• Re:Reverse Santa? (Score:5, Insightful)

        by Darinbob (1142669) on Monday December 16, 2013 @03:56PM (#45706895)

        Don't blame Disney. This evil starts with Amazon, they're the ones that allow your purchased products to be stolen back again on a whim.

        • Re:Reverse Santa? (Score:5, Insightful)

          by Anonymous Coward on Monday December 16, 2013 @04:15PM (#45707091)

          Yes, blame Disney - they absolutely had a choice as to whether to act malevolently to their paying customers or not.

          But, yes, also blame Amazon for idiotic terms.

          And yes blame the legislators for allowing the widespread fraud of misleading people in to believing they purchased/bought a product when instead the seller only gave them a short term non-negotiable, unilaterally cancellable, license. These are absolutely not sales of products and when you acquire a license then you don't "buy" or "purchase" a movie/song you license it. Any attempt to "sell" when in fact the company mean "[temporarily] license" should be met with such huge fraud charges that the companies involved will barely be able to continue trading and certainly will be unable to continue if charged again. In Amazon's case for example "one-click ordering" the movie entails purchasing data or media that includes inalienable and continuous rights to consume that media in perpetuity, so they'd need to change it to "one-click license" to avoid being fraudulently deceptive about it.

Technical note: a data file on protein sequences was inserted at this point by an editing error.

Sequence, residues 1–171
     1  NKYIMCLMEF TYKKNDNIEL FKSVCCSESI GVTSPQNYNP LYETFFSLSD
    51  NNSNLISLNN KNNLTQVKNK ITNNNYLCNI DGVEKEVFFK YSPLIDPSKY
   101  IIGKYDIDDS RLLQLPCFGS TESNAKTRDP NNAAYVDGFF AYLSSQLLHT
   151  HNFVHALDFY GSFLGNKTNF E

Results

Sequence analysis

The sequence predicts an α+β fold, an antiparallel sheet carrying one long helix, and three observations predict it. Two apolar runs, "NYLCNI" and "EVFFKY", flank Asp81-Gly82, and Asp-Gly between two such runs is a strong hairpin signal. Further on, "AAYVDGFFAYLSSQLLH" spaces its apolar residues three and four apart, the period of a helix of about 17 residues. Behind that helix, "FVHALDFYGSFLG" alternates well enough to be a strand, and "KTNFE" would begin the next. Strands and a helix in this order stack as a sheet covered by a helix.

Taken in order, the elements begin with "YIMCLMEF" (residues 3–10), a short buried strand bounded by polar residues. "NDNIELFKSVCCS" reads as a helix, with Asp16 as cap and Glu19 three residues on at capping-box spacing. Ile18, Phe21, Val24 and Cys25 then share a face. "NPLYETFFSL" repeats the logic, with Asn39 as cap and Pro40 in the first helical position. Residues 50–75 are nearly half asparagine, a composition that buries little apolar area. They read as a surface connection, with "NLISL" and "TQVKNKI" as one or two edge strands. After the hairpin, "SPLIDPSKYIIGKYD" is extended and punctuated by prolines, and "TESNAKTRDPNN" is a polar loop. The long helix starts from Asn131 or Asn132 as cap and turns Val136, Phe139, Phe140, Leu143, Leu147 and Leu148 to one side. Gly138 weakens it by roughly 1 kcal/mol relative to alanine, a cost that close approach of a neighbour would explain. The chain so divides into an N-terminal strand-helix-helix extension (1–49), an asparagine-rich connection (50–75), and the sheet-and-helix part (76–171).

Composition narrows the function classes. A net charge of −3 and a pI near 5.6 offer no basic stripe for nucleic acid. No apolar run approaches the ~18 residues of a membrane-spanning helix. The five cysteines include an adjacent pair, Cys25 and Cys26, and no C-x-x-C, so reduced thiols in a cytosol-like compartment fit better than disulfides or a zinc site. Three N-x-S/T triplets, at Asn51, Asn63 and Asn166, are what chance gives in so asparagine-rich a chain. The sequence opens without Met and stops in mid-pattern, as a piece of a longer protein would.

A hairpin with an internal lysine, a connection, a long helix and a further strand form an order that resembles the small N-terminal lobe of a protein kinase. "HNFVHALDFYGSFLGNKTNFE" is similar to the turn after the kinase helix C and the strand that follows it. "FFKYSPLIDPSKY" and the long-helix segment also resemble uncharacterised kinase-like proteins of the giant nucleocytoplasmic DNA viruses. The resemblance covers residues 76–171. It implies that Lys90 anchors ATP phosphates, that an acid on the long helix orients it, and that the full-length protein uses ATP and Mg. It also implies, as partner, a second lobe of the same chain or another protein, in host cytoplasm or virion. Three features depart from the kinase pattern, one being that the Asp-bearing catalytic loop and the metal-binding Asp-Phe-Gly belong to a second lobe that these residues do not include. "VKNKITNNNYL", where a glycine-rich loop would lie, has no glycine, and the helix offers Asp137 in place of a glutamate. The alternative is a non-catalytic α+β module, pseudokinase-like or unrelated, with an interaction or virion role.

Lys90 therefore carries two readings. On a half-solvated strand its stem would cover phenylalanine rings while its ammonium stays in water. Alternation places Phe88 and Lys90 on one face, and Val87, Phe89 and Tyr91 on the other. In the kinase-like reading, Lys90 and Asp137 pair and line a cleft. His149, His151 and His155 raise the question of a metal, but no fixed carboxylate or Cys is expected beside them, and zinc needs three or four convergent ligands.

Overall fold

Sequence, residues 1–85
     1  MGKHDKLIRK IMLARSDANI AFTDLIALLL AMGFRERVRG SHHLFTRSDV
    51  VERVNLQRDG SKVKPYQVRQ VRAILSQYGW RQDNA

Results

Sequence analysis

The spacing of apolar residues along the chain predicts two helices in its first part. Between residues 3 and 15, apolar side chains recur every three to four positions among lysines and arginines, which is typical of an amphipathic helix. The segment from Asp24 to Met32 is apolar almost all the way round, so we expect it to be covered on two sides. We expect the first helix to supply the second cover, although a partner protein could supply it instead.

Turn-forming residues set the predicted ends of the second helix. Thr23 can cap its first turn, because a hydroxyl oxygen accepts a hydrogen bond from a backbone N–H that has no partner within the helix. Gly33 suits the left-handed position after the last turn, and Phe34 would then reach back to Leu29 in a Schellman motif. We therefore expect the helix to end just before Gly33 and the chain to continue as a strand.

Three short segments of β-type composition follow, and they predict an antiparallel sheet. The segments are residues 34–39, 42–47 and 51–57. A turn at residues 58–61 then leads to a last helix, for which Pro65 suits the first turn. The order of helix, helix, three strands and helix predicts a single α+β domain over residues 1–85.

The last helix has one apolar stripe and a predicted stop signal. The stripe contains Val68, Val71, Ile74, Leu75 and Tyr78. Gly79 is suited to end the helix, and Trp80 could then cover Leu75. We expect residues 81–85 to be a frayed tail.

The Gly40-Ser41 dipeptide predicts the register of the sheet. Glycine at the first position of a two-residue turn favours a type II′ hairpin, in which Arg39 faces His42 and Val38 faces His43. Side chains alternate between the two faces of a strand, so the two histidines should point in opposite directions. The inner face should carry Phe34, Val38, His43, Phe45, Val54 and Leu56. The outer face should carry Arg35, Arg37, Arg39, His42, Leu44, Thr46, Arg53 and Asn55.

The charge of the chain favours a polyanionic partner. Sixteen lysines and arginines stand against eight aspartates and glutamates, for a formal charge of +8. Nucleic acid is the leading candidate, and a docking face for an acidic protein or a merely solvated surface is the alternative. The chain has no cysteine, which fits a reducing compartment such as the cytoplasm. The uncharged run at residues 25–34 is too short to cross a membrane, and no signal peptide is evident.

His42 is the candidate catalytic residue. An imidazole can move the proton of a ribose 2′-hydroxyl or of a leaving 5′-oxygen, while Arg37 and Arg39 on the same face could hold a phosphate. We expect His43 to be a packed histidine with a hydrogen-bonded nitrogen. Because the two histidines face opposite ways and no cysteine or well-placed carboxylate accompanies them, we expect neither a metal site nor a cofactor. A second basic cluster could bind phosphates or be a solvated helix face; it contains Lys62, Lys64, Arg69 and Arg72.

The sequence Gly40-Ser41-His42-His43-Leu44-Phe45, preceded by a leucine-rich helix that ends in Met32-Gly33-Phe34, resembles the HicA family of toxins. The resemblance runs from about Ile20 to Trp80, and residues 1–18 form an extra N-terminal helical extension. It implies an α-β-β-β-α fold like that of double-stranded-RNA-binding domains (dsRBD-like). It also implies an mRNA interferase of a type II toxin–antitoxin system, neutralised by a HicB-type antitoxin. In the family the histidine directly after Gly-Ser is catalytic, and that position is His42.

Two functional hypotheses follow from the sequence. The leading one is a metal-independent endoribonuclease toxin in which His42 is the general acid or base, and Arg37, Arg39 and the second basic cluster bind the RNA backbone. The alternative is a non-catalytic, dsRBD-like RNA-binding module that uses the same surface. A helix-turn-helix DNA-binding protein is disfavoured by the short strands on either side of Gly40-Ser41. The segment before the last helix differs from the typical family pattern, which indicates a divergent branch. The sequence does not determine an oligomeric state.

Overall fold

Yes, I'm serious.

          • Re:Reverse Santa? (Score:5, Insightful)

            by kaizendojo (956951) on Monday December 16, 2013 @04:31PM (#45707281)
            No, blame the end user. That's what you get for licensing your virtual entertainment and not reading the terms. I *buy* my movies on *media I own* or stored on a server *I* control. If Disney wants my stuff, they have to come into the house and physically take it. And I think I can take Mickey.
            • Re:Reverse Santa? (Score:5, Insightful)

              by NeverVotedBush (1041088) on Monday December 16, 2013 @04:49PM (#45707499)
              This is why I will buy only DVDs, Blu-Rays, and non-DRM downloaded digital media as long as they are available and not build a "digital library" hosted on anyone else's servers. We've already seen too many companies go belly up and take the content with them, or where digital content gets revoked like this.

              People need to take this as a wake-up call and go back to physical media or non-DRM downloads.
              • by Vrtigo1 (1303147)
                Doesn't blu-ray require Internet access to "authenticate" newer discs? If so, it seems reasonable to assume the manufacturers could just as easily push out an update that makes discs no longer playable. I dislike any type of media which cannot be played in an airgapped medium, it gives everyone else too much control.
              • by Grishnakh (216268)

                People need to take this as a wake-up call and go back to physical media or non-DRM downloads.

                You mean like BitTorrent? You don't have to worry about DRM with that.